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Clin Chem. 2004 Jul;50(7):1118-25. Epub 2004 May 13.

ROC curves in clinical chemistry: uses, misuses, and possible solutions.

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Department of Biostatistics, Division of Radiology-Wb4, The Cleveland Clinic Foundation, Cleveland, OH 44195-5196, USA.



ROC curves have become the standard for describing and comparing the accuracy of diagnostic tests. Not surprisingly, ROC curves are used often by clinical chemists. Our aims were to observe how the accuracy of clinical laboratory diagnostic tests is assessed, compared, and reported in the literature; to identify common problems with the use of ROC curves; and to offer some possible solutions.


We reviewed every original work using ROC curves and published in Clinical Chemistry in 2001 or 2002. For each article we recorded phase of the research, prospective or retrospective design, sample size, presence/absence of confidence intervals (CIs), nature of the statistical analysis, and major analysis problems.


Of 58 articles, 31% were phase I (exploratory), 50% were phase II (challenge), and 19% were phase III (advanced) studies. The studies increased in sample size from phase I to III and showed a progression in the use of prospective designs. Most phase I studies were powered to assess diagnostic tests with ROC areas >/=0.70. Thirty-eight percent of studies failed to include CIs for diagnostic test accuracy or the CIs were constructed inappropriately. Thirty-three percent of studies provided insufficient analysis for comparing diagnostic tests. Other problems included dichotomization of the gold standard scale and inappropriate analysis of the equivalence of two diagnostic tests.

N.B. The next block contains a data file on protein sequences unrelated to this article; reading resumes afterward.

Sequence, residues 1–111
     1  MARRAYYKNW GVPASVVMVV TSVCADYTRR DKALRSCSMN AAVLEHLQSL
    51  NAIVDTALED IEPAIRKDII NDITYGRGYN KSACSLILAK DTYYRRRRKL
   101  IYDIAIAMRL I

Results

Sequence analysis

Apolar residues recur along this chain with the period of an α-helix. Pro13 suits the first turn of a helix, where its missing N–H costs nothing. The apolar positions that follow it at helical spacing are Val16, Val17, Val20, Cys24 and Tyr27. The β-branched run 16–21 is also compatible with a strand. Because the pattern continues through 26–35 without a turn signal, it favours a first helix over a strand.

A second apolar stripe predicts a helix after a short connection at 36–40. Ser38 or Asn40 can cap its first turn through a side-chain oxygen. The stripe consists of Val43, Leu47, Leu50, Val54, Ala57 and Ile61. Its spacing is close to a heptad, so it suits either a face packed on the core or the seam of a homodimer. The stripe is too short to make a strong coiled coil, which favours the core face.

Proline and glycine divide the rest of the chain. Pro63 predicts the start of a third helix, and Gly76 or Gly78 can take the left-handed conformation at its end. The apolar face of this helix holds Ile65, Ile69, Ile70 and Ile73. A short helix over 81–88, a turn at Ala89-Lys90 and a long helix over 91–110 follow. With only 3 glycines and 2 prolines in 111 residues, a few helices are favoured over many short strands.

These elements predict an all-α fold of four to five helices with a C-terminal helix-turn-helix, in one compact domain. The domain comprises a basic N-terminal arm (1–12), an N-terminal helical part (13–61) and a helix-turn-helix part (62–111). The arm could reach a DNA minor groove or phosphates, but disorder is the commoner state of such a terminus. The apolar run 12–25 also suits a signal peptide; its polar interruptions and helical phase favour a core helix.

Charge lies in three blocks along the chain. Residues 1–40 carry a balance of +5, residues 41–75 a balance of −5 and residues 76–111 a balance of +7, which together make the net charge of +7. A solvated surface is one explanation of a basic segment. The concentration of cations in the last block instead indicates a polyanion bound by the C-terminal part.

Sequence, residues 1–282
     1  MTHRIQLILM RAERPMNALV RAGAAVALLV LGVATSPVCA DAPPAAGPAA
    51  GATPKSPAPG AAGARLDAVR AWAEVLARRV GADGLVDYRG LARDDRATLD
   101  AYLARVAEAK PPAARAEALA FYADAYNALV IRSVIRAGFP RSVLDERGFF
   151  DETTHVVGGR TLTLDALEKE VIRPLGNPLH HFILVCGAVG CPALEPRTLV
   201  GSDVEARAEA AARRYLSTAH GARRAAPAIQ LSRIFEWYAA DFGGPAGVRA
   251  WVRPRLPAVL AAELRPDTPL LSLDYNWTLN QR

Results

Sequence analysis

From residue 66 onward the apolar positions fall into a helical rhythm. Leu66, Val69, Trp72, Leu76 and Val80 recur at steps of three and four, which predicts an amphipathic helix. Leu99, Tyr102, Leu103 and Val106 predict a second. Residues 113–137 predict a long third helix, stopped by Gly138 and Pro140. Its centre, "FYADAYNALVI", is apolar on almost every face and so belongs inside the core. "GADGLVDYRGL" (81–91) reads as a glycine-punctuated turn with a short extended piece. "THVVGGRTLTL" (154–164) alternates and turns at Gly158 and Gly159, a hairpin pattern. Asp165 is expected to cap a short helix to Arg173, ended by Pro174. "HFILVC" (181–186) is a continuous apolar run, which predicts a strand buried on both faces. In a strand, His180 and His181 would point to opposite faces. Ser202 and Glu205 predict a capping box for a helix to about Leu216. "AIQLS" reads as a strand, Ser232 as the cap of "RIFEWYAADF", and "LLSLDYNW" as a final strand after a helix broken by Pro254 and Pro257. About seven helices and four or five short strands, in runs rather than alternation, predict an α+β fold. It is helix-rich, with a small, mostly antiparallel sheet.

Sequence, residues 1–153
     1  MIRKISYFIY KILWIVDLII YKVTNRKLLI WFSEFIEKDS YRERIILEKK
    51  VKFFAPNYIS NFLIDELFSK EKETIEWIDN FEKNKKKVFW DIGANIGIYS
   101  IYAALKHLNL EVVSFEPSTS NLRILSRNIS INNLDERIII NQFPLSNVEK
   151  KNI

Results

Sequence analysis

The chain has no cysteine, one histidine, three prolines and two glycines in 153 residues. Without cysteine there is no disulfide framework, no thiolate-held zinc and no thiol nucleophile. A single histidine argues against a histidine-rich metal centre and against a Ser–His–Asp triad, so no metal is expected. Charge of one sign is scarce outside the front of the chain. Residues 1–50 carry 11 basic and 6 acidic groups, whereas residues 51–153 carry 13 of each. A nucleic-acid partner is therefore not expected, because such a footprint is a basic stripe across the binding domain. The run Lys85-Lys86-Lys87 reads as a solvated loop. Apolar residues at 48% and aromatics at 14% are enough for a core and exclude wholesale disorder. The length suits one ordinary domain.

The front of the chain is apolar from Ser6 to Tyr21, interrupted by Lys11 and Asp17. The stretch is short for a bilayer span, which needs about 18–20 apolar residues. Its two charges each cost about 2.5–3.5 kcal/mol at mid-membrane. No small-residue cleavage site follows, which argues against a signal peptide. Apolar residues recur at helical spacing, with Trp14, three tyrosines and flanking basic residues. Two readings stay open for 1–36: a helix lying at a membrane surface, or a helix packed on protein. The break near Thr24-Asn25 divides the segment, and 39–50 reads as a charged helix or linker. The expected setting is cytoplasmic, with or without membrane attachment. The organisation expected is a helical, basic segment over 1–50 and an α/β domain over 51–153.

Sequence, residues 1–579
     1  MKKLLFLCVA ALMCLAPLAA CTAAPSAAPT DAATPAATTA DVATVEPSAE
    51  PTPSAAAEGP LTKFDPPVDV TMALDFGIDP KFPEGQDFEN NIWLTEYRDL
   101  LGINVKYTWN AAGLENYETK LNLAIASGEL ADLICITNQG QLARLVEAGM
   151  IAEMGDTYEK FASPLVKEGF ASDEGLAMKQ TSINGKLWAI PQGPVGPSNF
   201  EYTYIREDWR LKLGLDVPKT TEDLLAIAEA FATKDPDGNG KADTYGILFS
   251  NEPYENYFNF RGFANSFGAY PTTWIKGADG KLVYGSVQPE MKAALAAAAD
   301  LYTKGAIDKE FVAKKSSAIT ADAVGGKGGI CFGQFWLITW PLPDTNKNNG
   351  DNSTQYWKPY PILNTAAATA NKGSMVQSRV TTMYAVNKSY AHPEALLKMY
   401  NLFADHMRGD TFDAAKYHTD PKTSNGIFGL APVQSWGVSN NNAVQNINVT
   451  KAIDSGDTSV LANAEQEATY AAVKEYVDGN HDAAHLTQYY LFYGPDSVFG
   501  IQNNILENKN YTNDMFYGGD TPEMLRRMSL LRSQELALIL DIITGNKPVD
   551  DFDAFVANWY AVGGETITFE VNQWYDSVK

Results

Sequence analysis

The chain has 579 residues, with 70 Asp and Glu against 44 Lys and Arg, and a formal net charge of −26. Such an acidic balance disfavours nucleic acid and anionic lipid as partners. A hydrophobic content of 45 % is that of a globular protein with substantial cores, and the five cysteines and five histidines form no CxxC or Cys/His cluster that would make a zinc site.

We identify available software and make some suggestions for sample size determination, testing for equivalence in diagnostic accuracy, and alternatives to a dichotomous classification of a continuous-scale gold standard. More methodologic research is needed in areas specific to clinical chemistry.

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